"Dicci wants to take advantage of reservations and grow as part of the system to build capital and remain job givers. That way we seek inclusive growth as against exclusive growth others advocate," Kamble said.
Villagers ransack Dalit woman's house
Thursday, 17 November 2011 23:57
PNS | KENDRAPADA
Residents of Nuapada village under Patkura Police Station on Wednesday ransacked the thatched house of a Dalit woman in the village, suspecting that she might have stolen gold and silver ornaments from the local Kali temple on Tuesday night, said Patkura IIC Kartik
According to Mallick, some miscreants, on Tuesday night, broke the temple door and stole away gold and silver ornaments.
The next day, some villagers suspected that Basanti Das, a Dalit woman who lives in a thatched house near the temple might have committed the burglary.
Enraged, they ransacked her house and allegedly took away a bi-cycle and some paddy.
Both sides have lodged FIRs with the police but none is arrested so far.
'Proud to be part of dalit literature'
Dalit poets do not mind their work being branded as dalit poetry.
"Dalit literature is now the most noted branch in Indian literature and we are only proud to be part of it," said poet S. Joseph.
"Vailoppilly Sreedhara Menon had once said he had first known Kumaranasan only as an ezhva poet," he added.
Compartmentalisiton, Mr Joseph said, is a way of life. He was speaking on the topic, 'We Sing of Earth: Dalit Poetry in Malayalam', at the Hay Festival here on Thursday.
Dalit poet Vijila Chirappad said tht she was not published in any of the mainstream Malayalam periodicals. "I don't mind that. If my poetry is truthful, it will survive," she said.
However, it was a mainstream periodical that thrust another dalit poet, Mr M.B. Manoj, to the limelight. "I was taken note of after one of my poems was published in a dalit special issue brought out by 'Bhashaposhini'," Mr Manoj said.
Mr Sunny Kappikad said it was the realisation that even revolutionary parties were cold-shouldering dalit issues that provoked him to take up poetry. "I am just trying to give vent to our emotional turmoils," he said.
Mr Renu Kumar, a dalit poet and painter, was led into poetry through the most mundane of activities – the writing of love letters.
"In school my friends used to ask me to spice up their love letters. The letters that I had corrected seemed to deliver results. They seemed to have sowed the first seeds of desire in me to write poems," he added.
The Times Of India
Why brand yourself as a Dalit poet?
TNN | Nov 18, 2011, 06.22AM IST
THIRUVANANTHAPURAM: The Dalit poets who met here at a poetry reading session during the Hay Festival on Thursday looked obviously discomfited by a question on 'self-branding' from one of the audience.
After all the poets had recited their poems, a listener asked them quoting from their poems, "If you could write so well in Malayalam, why do you have to classify yourself? There are a lot of people who read your poems. So why do you have to brand them as Dalit poetry? Isn't it like willingly confining yourselves to chains? Why do you do that?"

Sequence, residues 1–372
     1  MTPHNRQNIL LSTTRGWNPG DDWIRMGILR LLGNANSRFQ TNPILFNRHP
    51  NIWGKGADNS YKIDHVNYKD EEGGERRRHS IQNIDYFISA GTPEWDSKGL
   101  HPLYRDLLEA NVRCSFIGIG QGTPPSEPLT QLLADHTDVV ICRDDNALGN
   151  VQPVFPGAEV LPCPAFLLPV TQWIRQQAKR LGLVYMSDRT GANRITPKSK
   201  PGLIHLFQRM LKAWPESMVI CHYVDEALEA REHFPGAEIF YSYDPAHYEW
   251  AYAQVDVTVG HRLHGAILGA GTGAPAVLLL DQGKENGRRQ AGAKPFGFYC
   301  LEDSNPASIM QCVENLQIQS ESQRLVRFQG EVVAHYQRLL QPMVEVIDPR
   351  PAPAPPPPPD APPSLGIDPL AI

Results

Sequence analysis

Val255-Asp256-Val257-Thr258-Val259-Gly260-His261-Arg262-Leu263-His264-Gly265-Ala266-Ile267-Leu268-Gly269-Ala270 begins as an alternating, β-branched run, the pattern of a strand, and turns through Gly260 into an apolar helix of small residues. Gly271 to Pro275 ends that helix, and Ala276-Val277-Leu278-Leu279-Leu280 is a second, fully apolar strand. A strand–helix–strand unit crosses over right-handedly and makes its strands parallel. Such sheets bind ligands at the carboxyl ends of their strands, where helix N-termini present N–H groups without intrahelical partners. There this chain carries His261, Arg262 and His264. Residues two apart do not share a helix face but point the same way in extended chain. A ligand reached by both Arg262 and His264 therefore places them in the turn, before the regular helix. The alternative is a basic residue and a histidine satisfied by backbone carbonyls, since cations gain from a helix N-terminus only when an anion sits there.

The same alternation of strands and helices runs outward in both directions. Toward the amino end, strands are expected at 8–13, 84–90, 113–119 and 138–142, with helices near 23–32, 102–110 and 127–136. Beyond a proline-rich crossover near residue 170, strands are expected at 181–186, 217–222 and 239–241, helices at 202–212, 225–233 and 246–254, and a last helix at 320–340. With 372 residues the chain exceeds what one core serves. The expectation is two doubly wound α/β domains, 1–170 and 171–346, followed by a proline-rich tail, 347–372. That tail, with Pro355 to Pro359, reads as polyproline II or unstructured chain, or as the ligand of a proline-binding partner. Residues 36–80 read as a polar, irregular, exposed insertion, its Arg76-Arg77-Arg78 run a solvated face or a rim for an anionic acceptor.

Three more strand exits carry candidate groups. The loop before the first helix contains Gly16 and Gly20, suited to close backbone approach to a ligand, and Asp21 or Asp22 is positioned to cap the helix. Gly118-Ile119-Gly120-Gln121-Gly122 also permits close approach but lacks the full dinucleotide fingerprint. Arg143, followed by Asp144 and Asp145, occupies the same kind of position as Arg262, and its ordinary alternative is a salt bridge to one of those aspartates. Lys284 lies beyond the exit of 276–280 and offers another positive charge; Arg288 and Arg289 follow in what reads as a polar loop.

The quizzer went on and said, "I ask this intentionally because I want to provoke you."
The poets just smiled, and the response was subdued. "Dalit poetry has had strong resonance in the country. You just cannot ignore the presence of Dalit poetry," said S Joseph.
Dalit poets like MB Manoj, Vijila Chirappad, MR Renukumar and Sunny M Kappikad were present at the session. Sunny said it was his disillusionment with revolutionary ideals that had eventually landed him in the realm of poetry. "I had been an active volunteer of a revolutionary party. Later I came to realize that the Dalit ideology was being oozed out from the party. It was this pain that made me write poems."
Talking about the evolution of her poetry, Vijila said, "My first poem was a romantic one. I found it insignificant, and so tried to mould poems around my personal experiences. Whenever I have tried to write poems for the sake of writing, I have failed miserably. But now I know that if your poetry is innate, it will always be valued."
Poet Sachithandan said that Dalit literature had completely revolutionized the entire literary scenario in the country. Renukumar narrated how he used to give a poetic touch to the love letters of his friends during college days. "It was strange. But that was the beginning of my poetry. Today I am a painter and a writer. I believe that there is poetry in my paintings and vice versa."
The poets who had assembled here read from their poems like Pengalude Swantham Bible, Swantham, Abhavam, Adukalayillatha Veedu, Pullu Vilpanakkari and Thudippu.
On behalf of
Dalits Media Watch Team
(An initiative of "Peoples Media Advocacy & Resource Centre-PMARC")
Peoples Media Advocacy & Resource Centre- PMARC has been initiated with the support from group of senior journalists, social activists, academics and intellectuals from Dalit and civil society to advocate and facilitate Dalits issues in the mainstream media. To create proper & adequate space with the Dalit perspective in the mainstream media national/ International on Dalit issues is primary objective of the PMARC.